Take care not to reactivate the air conditioner without the filter, even briefly. Doing so runs the risk of allowing particles to build up inside the filter itself, which is much harder to clean and can damage the delicate internal components of the unit itself.

Step Three: Scrape the filter clear of all dust and other particles that may have gotten inside since the last time the filters were properly serviced. How much force is required depends on what kind of debris has accumulated inside the filter; a simple wipe down with a light microfiber cloth might be enough for simple buildups of dust or sweeping away large particles, or a coarse brush may be necessary if you are experiencing large quantities of grease or grime caked onto the filter.

Discard any removed particles in a waste bin instead of simply throwing them aside. This is both more environmentally friendly than releasing them back into the environment and will prevent any chance of them insinuating themselves back into the filter grate.

Step Four: Use a vacuum cleaner to remove any particles too fine to reach with the towel or scrubbing brush. These tend to be in the corners or crevices formed by the cross-hatching in the grate slats; make sure to change vacuum attachments and cover the entire area of the filter with each one to achieve maximum dust removal.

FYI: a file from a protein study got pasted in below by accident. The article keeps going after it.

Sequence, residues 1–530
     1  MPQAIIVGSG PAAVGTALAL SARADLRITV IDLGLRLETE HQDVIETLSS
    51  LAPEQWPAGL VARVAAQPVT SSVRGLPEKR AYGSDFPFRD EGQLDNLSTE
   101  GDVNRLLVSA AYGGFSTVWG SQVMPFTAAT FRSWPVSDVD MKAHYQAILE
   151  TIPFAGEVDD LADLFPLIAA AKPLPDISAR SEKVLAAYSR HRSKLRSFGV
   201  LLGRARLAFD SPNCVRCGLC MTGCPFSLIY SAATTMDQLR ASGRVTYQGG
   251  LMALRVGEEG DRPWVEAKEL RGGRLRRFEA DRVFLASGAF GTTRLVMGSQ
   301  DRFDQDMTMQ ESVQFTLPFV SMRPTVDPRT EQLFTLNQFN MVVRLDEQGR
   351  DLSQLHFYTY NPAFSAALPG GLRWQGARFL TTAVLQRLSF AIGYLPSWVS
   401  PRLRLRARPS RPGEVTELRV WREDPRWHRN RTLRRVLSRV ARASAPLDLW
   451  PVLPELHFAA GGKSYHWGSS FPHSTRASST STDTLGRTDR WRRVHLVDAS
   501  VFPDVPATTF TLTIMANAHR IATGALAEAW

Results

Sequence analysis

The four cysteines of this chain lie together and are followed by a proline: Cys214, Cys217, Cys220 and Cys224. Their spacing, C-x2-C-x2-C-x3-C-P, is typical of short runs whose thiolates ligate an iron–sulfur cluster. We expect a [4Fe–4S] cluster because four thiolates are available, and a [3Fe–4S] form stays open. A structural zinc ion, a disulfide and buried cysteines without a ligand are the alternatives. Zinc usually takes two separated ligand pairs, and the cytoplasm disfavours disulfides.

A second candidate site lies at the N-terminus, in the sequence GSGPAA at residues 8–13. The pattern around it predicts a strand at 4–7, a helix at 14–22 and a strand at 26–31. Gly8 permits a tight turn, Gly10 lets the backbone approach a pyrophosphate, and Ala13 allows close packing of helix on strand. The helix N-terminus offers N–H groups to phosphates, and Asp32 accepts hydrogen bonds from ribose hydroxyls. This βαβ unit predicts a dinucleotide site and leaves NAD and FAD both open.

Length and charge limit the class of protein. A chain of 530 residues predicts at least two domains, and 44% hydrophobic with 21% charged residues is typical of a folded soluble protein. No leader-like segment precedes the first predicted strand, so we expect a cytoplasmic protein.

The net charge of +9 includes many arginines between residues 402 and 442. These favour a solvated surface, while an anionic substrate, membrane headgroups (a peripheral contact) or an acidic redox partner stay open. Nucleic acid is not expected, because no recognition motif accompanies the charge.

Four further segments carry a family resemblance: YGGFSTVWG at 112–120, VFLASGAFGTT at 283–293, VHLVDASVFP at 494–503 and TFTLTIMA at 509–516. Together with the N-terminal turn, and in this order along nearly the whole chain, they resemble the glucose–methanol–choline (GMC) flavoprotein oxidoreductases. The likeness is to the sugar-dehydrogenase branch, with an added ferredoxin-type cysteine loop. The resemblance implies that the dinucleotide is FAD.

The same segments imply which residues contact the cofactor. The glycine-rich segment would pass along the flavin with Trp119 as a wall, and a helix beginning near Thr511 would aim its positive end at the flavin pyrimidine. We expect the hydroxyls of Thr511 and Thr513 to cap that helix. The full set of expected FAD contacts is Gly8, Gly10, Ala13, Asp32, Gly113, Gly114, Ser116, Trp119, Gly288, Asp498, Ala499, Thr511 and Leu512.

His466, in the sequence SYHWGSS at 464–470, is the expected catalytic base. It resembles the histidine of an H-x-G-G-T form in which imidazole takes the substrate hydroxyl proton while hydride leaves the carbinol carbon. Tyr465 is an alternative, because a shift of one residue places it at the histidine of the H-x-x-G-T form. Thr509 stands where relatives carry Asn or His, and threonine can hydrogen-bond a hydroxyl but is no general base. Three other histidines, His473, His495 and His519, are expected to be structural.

Keep in mind that pressing the vacuum cleaner too hard against the screen can cause it to separate from the frame or rupture at the spot where pressure is being applied. You want the mouth of the hose or attachment just barely visible from the other side of the screen or slats; if you hear a creaking sound or if the hose is hard to glide easily along the unit’s surface, you are likely using too much pressure and need to ease off to prevent damaging the RV’s air conditioning filter.

Step Five: Submerge the filter in warm, soapy water for up to a quarter of an hour to remove any grease or chemicals that may have accumulated on the screen or slats. A bathtub is a convenient place for this, assuming you have a plug to keep the water draining out; wherever you decide to do it, though, make sure that it is completely submerged to prevent the contaminants from floating back to adhere to the filter frame.

Although it may be tempting to soak for longer to remove more particles, be careful not to soak for much longer than thirty minutes at most without allowing the filter to dry first; any longer than that might damage the delicate screen elements of the filter. If your filter has metal components, it is well worth the time to dry them off properly once they are removed from your cleansing solution to prevent them from corroding inside your air conditioning unit.

Step Six: Remove the filter completely from the cleaning solution and drain off the solution to dispose of any contaminants it may have removed. Use a shower head, garden hose, or any other such faucet to rinse away any traces of the solution before proceeding.